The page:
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The battle of Glendaloughin

Published 1 year ago 31st July 2021 by Editor

The townland of Glendaloughin straddles the Comeragh mountains north of Clonmel overlooking the beautiful Nire valley. It falls within the bounds of county Waterford but is part of the civil parish of Saint Mary’s, Clonmel. It is a picturesque and serene place but 116 years ago it was at the centre of a bitter dispute which ended up in the House of Lords in Westminster.

Henry Jameson (1817-1901) moved to Marlfield outside Clonmel in 1850 where he bought the whiskey distillery which had been operating there. He was a son of John Jameson, founder of the famous Jameson whiskey distillery in Dublin. Henry’s tenure in Marlfield was short. In 1856 he had ceased producing whiskey at the distillery and set about auctioning off its assets. An increase in excise duty on whiskey being one of the reasons cited for its closure.

Henry Jameson left Clonmel and saw out days in Pau, France passing away in 1901. Shortly before Henry Jameson’s death he became embroiled in a disagreement with a community of hill farmers who lived in and near Glendaloughin. Jameson claimed the land was his. He asserted that he had bought 6000 acres from solicitor Napier Higgins of which Glendaloughin was included. His intention was to enclose it for the preservation of game.

The farmers claimed that is was universally known that the land was commonage and that they were entitled as tenants of Clonmel Corporation under a grant of 1741 to graze animals and cut turf at Glendaloughin.

Notices begin appearing in local papers from around 1897 warning off trespassers. The legal wrangling would outlive Henry Jameson and following his death his brothers John and George were appointed trustees of his estate.

In October 1905 they sought to oust the farmers for good in a court case in Dublin which would come before the Hon Justice Barton entitled Jameson V Fahey & Others.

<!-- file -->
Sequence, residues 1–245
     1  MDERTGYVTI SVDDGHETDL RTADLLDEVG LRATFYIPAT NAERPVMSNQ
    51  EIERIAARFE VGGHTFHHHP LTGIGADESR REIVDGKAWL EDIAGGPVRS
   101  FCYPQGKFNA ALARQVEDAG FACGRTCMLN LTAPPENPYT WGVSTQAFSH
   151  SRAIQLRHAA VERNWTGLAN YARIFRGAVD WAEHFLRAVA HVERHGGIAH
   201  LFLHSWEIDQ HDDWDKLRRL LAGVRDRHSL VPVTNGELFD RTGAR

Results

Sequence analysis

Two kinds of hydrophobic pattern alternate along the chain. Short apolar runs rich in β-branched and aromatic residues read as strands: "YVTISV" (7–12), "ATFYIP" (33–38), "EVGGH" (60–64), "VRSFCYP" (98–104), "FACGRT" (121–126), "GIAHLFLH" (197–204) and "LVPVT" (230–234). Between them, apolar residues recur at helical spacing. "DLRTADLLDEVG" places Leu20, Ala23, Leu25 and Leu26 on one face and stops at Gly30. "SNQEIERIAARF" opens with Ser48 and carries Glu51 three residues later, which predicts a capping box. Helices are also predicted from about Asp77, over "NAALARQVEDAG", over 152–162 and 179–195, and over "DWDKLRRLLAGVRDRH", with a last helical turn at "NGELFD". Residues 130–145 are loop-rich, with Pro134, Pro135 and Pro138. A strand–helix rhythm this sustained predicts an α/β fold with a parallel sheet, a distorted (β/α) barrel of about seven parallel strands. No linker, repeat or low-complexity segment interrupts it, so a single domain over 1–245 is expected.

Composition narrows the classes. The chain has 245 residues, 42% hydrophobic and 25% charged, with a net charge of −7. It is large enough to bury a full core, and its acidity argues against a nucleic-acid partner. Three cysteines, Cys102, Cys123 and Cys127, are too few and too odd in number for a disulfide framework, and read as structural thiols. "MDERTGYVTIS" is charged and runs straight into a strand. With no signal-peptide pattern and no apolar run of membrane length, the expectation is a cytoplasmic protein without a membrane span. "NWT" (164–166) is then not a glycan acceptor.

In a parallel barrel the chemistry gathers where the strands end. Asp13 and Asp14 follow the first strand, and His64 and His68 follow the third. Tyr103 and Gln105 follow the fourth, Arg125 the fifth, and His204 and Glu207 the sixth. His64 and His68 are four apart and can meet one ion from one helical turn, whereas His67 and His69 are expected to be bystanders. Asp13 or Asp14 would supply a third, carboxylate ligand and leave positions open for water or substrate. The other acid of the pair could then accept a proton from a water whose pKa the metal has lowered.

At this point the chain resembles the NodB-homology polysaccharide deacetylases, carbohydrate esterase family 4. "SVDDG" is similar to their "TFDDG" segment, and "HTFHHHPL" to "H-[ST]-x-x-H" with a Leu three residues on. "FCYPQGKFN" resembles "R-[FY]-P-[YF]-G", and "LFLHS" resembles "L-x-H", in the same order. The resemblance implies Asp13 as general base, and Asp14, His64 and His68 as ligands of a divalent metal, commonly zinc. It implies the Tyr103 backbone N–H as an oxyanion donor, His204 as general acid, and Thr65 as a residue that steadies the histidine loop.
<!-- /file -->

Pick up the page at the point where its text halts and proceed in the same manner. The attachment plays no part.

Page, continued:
Though local man Thomas Fahey lent his name to the case almost thirty other families from the mountainside were involved. Among them were Sheedy, Sullivan, Kennedy, Griffin, Hackett, Connolly , Power, Whelan, Lalor, Harney, Walsh, Tobin and many others. In a bitter blow to the hopes of the farmers Justice Barton found in favour of the Jamesons.

Such was the level of public anger locally, the Mayor of Clonmel Thomas Skehan called a public meeting in the assembly rooms of the Clonmel Courthouse in October 1906. Here the well known solicitor Arnold Power laid out the plight of the farming families. He said that the people of Clonmel had enjoyed rights to the commons on the mountain for 700 years. He described it as a grave grievance that these rights were being interfered with at the expense of the poorest tenants of the corporation all because the Jamesons themselves for one or two days every year wish to shoot a brace or two extra of grouse. Power, before the foremost dignitaries of the town, asked what were the farmers to do for fuel being deprived of the turf from the bog?

The winter of 1906 saw the feud between the Jamesons and the farmers become particularly unpleasant. A farmer by the name of E Tobin told a meeting of Clonmel Corporation that he had been brought to court no less than 26 times by the Jamesons and in one case his cattle seized. Turnstiles placed at Glendaloughin by the Jamesons were removed and destroyed. A public right of way at Laurel Bridge was obstructed, inconveniencing the locals greatly. Boundary stones were said to move mysteriously at night and in at least two cases the Jamesons claimed that fires were being lit maliciously at Glendaloughin.

In November 1906 Clonmel Corporation agreed to collect subscriptions to fund an appeal on behalf of the farmers. The Mayor himself contributed £3 and 3s. In April 1907 Arnold Power stood before the Lord Chancellor at the Court of Appeal in Dublin on behalf of the farmers. Much argument centred around to the antiquity of the charter granted the town of Clonmel and the related rights to commonage of its citizens. However

in what appeared to be a fatal blow to the farmers the court again found in favour of the Jamesons.

The final chapter of this story was told by Pat Fahey to Ted Dillion in and interview in 1987. Pat was related to Tim Fahey, one of the defendants in the case. He told how following the Court of Appeal loss, the farmers walked the hills from the Nire to Ballymacarby to collect funds to take the case to the highest court in the land, the House of Lords in Westminster. Here the farmers had the rights vindicated and won.

Tremendous credit is due to the families who live on the brow of the Comeragh Mountains above Clonmel. They took on the Jamesons at what must have been a great personal and financial cost. Many of the families who fought the case 116 years ago still live there. Today their rights to the mountain commons remain thanks to incredible tenacity and perseverance of the fore-bearers.

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